Page last updated at 10:56 GMT, Thursday, 27 November 2008

Zimbabweans 'can't afford school'

Two young children carry firewood for cooking in Zimbabwe
Many families are asked to pay school fees with food they may not have

The number of children going to school regularly in Zimbabwe has fallen dramatically from 90% to 20%, a senior UN relief official says.

Catherine Bragg said many teachers were not being paid and could not afford to travel to work.

She warned Zimbabwe's humanitarian crisis would worsen.

Meanwhile, it is reported that power-sharing talks have stalled because of insults traded between the opposition and mediator Thabo Mbeki.

Representatives of the opposition Movement for Democratic Change and President Robert Mugabe's Zanu-PF had resumed talks in South Africa earlier in the week.

Cholera threat

At a news conference in New York, Ms Bragg called for "massive" international assistance for Zimbabwe.

Such manner of proceeding might earn you prominent media headlines. However, I assure you that it will do nothing to solve the problems of Zimbabwe
Mediator Thabo Mbeki

In addition to the cholera outbreak, which has killed more than 360 people since August, she said there has also been a breakdown in both the health and education sectors.

“For a country that used to have over 90% school attendance, now we're seeing less than 20%,” she said.

As well as teachers not being able to afford to work, students were required to make payments in kind, including food, which they did not have, she said.

Zimbabwe used to have one of the best education systems in Africa.

Earlier, MDC leader Morgan Tsvangirai said the cholera outbreak was "the greatest threat ever to face" the country.

Mr Tsvangirai is in South Africa to attend the talks, which are reported to be making little progress.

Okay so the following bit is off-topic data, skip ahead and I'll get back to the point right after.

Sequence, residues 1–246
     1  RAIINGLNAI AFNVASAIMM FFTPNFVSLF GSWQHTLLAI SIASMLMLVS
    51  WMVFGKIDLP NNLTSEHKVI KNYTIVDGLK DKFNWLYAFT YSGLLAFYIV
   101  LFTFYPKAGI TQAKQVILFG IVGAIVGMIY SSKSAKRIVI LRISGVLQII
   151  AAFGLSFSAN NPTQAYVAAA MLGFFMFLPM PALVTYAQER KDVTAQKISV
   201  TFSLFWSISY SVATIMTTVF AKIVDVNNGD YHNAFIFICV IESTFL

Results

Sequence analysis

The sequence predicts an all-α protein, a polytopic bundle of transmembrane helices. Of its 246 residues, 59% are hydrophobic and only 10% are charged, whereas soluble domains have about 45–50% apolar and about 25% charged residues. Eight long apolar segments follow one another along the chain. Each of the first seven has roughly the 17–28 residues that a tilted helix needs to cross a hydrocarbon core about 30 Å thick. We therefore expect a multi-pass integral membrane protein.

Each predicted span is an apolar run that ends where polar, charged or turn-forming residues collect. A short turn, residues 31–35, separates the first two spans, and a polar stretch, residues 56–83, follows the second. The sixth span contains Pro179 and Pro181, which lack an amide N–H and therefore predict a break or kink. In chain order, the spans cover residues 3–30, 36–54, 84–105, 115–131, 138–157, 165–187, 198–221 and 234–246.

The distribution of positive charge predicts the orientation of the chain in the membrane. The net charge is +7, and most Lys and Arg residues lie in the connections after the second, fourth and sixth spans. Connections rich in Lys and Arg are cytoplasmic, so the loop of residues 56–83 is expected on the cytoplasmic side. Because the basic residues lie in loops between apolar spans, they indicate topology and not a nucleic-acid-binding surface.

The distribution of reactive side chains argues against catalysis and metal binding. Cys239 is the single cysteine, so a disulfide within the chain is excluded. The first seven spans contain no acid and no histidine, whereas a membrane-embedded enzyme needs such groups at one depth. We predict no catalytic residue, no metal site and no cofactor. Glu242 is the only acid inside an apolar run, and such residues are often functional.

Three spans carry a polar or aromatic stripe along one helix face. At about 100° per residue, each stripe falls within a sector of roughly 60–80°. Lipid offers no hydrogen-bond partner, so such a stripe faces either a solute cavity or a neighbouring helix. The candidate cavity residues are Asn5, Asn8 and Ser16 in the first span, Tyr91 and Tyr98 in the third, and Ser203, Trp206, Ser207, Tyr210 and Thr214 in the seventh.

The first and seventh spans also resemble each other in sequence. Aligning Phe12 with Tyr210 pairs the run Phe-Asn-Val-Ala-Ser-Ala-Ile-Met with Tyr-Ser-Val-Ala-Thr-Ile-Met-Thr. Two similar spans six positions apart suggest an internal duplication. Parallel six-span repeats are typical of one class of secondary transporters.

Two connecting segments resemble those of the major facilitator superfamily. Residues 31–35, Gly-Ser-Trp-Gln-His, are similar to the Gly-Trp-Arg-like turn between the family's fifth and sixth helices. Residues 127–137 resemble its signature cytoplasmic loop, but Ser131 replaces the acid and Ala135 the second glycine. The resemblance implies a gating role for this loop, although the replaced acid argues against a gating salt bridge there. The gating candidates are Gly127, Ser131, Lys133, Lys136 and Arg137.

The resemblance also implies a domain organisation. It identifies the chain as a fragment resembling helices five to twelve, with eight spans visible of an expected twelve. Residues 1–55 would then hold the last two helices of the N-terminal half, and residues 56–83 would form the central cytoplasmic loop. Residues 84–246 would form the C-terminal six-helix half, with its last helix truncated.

A letter from South Africa's former leader Mr Mbeki, who negotiated September's deal between the MDC and Zanu-PF, has been leaked to the press.

In a 10-page response dated 22 November to the MDC questioning his impartiality, he accused the opposition of not respecting Africa leaders and paying too much heed to the West, South Africa's Business Day newspaper reports.

A Zimbabwean man pushes his ill relative to a cholera clinic in Harare, 25 November, 2008
About 9,000 cholera infections have been confirmed in Zimbabwe

"It may be that, for whatever reason, you consider our region and continent as being of little consequence to the future of Zimbabwe, believing that others further away, in western Europe and North America, are of greater importance," Mr Mbeki wrote in the letter also quoted on the ZimOnline news agency website.

He said the MDC had denounced regional leaders as "cowards".

"Such manner of proceeding might earn you prominent media headlines. However, I assure you that it will do nothing to solve the problems of Zimbabwe," Mr Mbeki said.

On Wednesday, Mr Tsvangirai repeated calls for Mr Mbeki to go as mediator.

"He does not appear to understand how desperate the problem in Zimbabwe is, and the solutions he proposes are too small," Mr Tsvangirai said in a statement, AFP news agency reports.

"He is not serving to bring the parties together because he does not understand what needs to be done."

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